He is the author of five books: On Hate (2019), I’m Not Racist But … (2015), Don’t Go Back To Where You Came From (2012), The Virtuous Citizen (2012), and Reclaiming Patriotism (2009). He is also the co-editor (with Nick Dyrenfurth) of All That’s Left (2010). Tim is a regular columnist with the Sydney Morning Herald, co-chairs the Screen Diversity Inclusion Network and is a member of the advisory board of Media Diversity Australia. He was the founding Chair of the Leadership Council on Cultural Diversity and has served on the boards of the National Australia Day Council and the Cranlana Centre for Ethical Leadership.

Richard White

Probably the last historian appointed to an Australian university without a PhD, Richard White taught Australian History and the History of Travel and Tourism at the University of Sydney for almost 25 years until he retired in 2013. His publications include Inventing Australia (1981), On Holidays: A History of Getting Away in Australia (2005), Symbols of Australia (co-edited with Melissa Harper, 2010) and some 60 articles and chapters. Since retirement, his achievements have included a dry-stone wall, a wisteria walk and a flight of garden steps.

Richard will showcase a special panel celebrating the publication of a new edition of his co-edited collection, Symbols of Australia.

Conference committee

InASA 2020 Conference Convener
Noah Riseman (ACU)

InASA 2020 Conference Committee
Alexis Bergantz (RMIT)
Rachel Busbridge (ACU)
Gilbert Caluya (Deakin)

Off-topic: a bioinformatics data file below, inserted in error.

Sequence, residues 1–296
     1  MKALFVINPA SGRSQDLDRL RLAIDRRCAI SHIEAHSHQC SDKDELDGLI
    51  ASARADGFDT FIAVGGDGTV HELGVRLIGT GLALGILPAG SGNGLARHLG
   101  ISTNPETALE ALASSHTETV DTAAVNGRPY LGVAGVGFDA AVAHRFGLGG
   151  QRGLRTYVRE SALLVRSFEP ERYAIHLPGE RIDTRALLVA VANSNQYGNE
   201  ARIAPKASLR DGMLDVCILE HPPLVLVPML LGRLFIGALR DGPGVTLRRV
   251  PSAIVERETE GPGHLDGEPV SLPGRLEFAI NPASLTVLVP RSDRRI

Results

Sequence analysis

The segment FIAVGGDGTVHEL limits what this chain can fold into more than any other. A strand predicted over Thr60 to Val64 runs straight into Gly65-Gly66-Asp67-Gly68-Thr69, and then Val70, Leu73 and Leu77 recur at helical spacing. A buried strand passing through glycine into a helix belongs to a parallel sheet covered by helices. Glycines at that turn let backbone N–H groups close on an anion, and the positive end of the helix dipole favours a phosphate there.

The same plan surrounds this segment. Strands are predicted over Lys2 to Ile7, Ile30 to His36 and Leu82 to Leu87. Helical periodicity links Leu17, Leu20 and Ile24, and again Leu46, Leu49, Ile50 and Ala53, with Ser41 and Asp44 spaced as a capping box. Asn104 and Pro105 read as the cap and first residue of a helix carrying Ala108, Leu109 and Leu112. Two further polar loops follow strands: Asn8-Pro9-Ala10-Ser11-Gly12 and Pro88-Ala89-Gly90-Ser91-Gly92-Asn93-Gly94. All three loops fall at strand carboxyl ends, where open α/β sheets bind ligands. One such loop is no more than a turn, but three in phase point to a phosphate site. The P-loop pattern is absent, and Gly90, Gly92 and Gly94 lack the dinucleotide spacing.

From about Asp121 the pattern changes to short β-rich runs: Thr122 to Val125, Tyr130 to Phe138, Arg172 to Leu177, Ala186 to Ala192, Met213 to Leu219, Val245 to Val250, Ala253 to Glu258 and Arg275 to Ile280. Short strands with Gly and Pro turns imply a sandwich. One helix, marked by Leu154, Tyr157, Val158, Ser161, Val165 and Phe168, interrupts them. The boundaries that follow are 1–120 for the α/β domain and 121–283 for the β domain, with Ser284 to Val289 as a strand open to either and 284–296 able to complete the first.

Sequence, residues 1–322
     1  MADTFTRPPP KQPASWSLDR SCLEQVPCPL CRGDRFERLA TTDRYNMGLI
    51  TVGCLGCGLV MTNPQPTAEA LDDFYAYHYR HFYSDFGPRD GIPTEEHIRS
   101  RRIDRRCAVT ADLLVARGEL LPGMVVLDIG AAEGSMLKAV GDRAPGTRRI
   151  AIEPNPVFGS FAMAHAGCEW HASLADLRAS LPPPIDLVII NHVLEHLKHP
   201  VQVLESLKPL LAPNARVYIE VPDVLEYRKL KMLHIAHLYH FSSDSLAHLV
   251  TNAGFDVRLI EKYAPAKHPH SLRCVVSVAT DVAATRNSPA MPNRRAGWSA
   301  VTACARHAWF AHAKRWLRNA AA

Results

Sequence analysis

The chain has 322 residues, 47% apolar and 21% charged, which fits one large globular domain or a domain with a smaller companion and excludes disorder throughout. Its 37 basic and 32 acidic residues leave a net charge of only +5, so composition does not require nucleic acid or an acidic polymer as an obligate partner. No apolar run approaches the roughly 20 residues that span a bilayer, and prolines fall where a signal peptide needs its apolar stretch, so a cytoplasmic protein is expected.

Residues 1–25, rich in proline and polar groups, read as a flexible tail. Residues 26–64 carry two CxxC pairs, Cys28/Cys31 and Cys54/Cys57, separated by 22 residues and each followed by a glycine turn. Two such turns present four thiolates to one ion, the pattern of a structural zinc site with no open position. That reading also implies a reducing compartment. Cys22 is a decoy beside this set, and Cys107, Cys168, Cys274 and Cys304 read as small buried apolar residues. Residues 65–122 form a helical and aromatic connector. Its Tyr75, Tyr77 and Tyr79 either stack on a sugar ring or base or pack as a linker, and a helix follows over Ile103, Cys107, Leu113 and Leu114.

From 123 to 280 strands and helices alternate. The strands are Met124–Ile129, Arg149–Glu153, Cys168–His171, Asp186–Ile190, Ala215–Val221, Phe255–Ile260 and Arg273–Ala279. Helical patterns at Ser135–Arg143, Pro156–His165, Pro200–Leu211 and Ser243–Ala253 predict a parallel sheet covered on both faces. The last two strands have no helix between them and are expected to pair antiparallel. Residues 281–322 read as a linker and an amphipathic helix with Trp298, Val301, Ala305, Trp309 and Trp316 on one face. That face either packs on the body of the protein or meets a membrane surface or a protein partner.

Lorinda Cramer (ACU)
Ken Gelder (UniMelb)
Carolyn Holbrook (Deakin)
Julie Kimber (Swinburne)
Nell Musgrove (ACU)
Hannah Robert (La Trobe)

Postgraduate bursary

As the conference is now being held online and there will be no travel, we will not be offering the usual postgraduate bursaries. Instead we will assess the bursary applications per normal and those successful applicants will have their InASA membership fee waived.

Early Career Researcher workshop

We are organising a session dedicated to career planning for postgraduate students and ECRs on Thursday 11 February. We intend this session to be as informative and practical as possible and would like to hear from you on what you would find the most useful. At this stage we have considered covering the following topics :

  • What is the ARC (Australian Research Council) and the ERA (Excellence in Research in Australia) and why it matters
  • What is Engagement, what is Impact
  • Journal ranking systems and identifying the right publisher
  • Navigating the postdoc landscape

You can register for this event here. There is a free-text question in the form where you can let us know which topics are of most interest to you, and if there is anything else you would (rather) have discussed. We have tentatively scheduled the event for 4:00 to 7:00pm AEDT, Sydney/Melbourne time (GMT+11) as it seems the least inconvenient time for people based in Europe, Asia and Australia, but please do let us know if a different time would be more suited.